Two leading scholars of Ottoman-Arab history will take over the instruction of the seminar: Assoc. Prof. Dr. Hasan Kayalı and Assoc. Prof. Dr. Michael Provence, University of California, San Diego. The objective of the workshop is for participants to acquire advanced knowledge of the history and historiography of Ottoman-Arab nationalism.
Turkish Nationalism: Approaching Ottoman and Islamic Legacies beyond Ethnicity, Secularism, and Westernism
BASEL, 13-14 September 2013
The doctoral seminar Turkish Nationalism: Approaching Ottoman and Islamic Legacies beyond Ethnicity, Secularism, and Westernism will explore the complex relationship between Turkish nationalism and Islam, which is further complicated by the Ottoman imperial legacy. The seminar is a two-day intensive seminar (September 13-14, 2013) hosted and organized by Prof. Dr. Maurus Reinkowski and Alp Yenen, M.A., from the Department of Islamic and Middle Eastern Studies at the University of Basel.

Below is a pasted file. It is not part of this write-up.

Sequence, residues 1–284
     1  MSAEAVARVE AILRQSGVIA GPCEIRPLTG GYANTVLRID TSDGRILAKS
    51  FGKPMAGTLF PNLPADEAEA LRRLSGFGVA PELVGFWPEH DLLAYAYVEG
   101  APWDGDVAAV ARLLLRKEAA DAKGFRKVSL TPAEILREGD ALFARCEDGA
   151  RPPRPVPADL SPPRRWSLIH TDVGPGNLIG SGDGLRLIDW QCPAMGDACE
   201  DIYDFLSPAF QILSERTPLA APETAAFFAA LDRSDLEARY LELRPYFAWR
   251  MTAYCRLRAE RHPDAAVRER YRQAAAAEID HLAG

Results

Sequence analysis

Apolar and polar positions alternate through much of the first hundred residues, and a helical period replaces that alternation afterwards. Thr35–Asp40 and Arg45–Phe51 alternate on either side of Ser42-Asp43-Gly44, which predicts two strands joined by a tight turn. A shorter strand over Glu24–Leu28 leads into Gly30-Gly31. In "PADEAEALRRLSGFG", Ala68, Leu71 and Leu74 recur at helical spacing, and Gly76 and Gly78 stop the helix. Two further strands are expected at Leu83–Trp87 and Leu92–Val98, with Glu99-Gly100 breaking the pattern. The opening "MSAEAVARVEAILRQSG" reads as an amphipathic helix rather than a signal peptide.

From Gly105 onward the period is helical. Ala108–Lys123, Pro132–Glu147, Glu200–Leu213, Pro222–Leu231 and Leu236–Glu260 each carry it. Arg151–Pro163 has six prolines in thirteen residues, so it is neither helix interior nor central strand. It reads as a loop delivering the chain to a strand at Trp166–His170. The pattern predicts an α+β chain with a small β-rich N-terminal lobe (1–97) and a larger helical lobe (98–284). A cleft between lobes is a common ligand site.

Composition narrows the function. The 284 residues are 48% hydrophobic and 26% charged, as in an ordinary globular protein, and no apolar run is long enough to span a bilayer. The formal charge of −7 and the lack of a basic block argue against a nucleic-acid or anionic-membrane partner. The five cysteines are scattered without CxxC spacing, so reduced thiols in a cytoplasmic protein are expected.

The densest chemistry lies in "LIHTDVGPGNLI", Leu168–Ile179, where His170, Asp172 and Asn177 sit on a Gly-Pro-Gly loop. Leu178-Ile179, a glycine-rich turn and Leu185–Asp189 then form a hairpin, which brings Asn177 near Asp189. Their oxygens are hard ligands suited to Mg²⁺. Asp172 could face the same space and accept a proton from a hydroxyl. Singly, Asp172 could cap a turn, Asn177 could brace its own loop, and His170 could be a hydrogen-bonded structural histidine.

Two leading scholars of Turkish nationalism will take over the instruction of the seminar. Prof. Dr. Erik J. Zürcher (University of Leiden), one of the leading scholars of the political and intellectual history of the late Ottoman and early Republican era, will introduce an advance study of the emergence and development of Turkish nationalism from empire to republic. Prof. Dr. M. Hakan Yavuz (University of Utah), a political scientist renowned for his study of political Islam and conservative nationalist movements in Turkey, will lecture on nationalism theories and the complex relationship between nationalism and Islam in the Turkish Republic. The objective of the seminar is for participants to acquire an advanced knowledge of the history, historiography, and theories of Turkish-Muslim nationalism. In addition, the seminar aims to enhance the skills of doctoral candidates in writing, presenting, and discussing conference papers.